19 August 2005
19 August 2005
Alliant Techsystems designed and produced the composite structure for the High- Resolution Imaging Science Experiment (HiRISE) camera, part of the Mars Reconnaissance Orbiter (MRO) spacecraft launched recently aboard an Atlas V 400 rocket from Cape Canaveral Air Force Station.
As the largest- diameter telescopic camera ever sent to another planet, it will photograph hundreds of targeted areas in unprecedented detail, revealing secrets about the geology of Mars and candidate landing sites for future missions. The High Resolution Imaging Science Experiment will photograph selected places on Mars with the most powerful telescopic camera ever built for use at a foreign planet. It will reveal features as small as a kitchen table in images covering swaths of Mars' surface 6 kilometers (3.7 miles) wide.
ATK provided strong, lightweight, precision composite camera structures for the HiRISE instrument, comprising the baffle tube, secondary mirror support structure and optical bench, designed to ensure the necessary dimensional stability required in the harsh environment of space. ATK composite technologies were also used to manufacture the 12-foot diameter heat shield assembly that surrounds the Atlas V 400 RD-180 main engine. The heat shield has been used successfully on all five Atlas V missions.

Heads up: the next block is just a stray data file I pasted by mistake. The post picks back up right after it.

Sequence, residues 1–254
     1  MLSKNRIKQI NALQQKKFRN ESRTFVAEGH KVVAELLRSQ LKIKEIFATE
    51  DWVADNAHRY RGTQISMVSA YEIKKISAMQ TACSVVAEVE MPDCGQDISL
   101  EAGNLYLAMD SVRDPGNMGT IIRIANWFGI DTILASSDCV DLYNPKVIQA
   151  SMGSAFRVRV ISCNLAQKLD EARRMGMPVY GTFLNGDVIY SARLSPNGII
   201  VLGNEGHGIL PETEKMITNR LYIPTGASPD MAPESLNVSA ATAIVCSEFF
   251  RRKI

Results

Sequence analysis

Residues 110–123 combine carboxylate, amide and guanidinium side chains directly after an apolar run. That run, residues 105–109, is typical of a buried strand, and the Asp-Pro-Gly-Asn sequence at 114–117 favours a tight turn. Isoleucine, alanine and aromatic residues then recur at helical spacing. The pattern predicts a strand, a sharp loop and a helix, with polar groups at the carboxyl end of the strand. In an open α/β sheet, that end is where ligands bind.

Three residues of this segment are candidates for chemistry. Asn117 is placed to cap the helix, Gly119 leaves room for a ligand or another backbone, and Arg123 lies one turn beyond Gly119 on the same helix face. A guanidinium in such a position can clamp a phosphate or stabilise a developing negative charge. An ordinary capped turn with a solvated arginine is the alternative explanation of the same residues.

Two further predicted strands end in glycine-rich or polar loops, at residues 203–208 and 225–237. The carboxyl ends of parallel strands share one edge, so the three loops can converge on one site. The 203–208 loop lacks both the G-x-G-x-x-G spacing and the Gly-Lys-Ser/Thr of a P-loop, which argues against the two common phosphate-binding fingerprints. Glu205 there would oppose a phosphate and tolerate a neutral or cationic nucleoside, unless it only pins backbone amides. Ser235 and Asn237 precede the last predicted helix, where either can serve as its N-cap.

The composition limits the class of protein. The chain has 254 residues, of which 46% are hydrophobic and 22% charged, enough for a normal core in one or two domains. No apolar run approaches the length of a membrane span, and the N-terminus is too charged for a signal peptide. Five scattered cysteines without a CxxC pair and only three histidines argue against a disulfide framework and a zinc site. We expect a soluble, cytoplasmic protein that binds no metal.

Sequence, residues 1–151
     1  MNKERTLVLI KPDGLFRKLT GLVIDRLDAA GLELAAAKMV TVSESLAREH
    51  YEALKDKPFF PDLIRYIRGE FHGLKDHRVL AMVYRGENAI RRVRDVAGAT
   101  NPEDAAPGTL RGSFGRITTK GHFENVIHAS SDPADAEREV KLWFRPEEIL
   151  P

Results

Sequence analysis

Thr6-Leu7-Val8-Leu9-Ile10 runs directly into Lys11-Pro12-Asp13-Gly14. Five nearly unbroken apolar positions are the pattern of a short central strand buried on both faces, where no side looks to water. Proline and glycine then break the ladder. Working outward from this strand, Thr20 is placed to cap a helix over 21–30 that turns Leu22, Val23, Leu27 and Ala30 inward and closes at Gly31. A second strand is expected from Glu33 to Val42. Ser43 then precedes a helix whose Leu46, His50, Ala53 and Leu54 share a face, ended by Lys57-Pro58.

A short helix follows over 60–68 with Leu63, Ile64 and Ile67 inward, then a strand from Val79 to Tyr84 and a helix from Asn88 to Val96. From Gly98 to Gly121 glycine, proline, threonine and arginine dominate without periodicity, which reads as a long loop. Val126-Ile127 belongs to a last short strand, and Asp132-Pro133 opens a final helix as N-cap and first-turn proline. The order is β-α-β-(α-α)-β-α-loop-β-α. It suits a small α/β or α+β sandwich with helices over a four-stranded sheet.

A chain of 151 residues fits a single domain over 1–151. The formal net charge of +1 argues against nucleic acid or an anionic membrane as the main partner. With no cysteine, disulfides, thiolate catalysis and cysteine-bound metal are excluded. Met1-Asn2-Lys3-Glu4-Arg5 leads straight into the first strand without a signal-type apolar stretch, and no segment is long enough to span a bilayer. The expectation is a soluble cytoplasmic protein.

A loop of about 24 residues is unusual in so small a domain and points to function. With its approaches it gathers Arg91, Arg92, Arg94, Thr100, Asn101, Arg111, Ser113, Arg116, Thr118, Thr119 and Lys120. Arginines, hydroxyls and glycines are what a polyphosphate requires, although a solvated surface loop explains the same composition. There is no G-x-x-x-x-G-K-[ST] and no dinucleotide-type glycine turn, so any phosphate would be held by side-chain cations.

The Mars Reconnaissance Orbiter lifted off at 7:43 AM EDT on 12 August from Launch Complex 41 at Cape Canaveral Air Force Station, Florida. The spacecraft will examine Martian features ranging from the top of the atmosphere to underground layering. Researchers will use it to study the history and distribution of Martian water. It will also support future Mars missions by characterizing landing sites and providing a high-data-rate communications relay. ""Mars Reconnaissance Orbiter is the next step in our ambitious exploration of Mars,"" said Douglas McCuistion, director of the Mars Exploration Program in NASA’s Science Mission Directorate. ""We expect to use this spacecraft's eyes in the sky in coming years as our primary tools to identify and evaluate the best places for future missions to land.""
""We will keep pursuing a follow-the-water strategy with Mars Reconnaissance Orbiter,"" said Dr. Michael Meyer, Mars exploration chief scientist at NASA Headquarters. ""Dramatic discoveries by Mars Global Surveyor, Mars Odyssey and the Mars Exploration Rovers about recent gullies, near-surface permafrost and ancient surface water have given us a new Mars in the past few years. Learning more about what has happened to the water will focus searches for possible Martian life, past or present."" Dr. Richard Zurek of NASA's Jet Propulsion Laboratory, Pasadena, Calif., project scientist for the orbiter, said, ""Higher resolution is a major driver for this mission. Every time we look with increased resolution, Mars has said, 'Here's something you didn't expect. You don't understand me yet.' We're sure to find surprises.""
The orbiter will reach Mars in March 2006.